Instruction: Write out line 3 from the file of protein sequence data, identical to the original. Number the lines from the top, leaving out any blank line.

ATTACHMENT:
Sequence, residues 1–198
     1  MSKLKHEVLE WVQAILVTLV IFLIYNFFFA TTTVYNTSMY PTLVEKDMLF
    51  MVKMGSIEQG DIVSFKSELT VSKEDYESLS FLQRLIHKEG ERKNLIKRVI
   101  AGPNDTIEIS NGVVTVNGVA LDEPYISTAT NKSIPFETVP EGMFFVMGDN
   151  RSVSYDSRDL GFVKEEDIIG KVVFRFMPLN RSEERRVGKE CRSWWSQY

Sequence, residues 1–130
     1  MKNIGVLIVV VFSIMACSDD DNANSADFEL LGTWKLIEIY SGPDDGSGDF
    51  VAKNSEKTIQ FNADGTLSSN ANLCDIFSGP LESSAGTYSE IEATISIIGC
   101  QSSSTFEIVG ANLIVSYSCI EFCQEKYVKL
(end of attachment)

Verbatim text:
    51  MVKMGSIEQG DIVSFKSELT VSKEDYESLS FLQRLIHKEG ERKNLIKRVI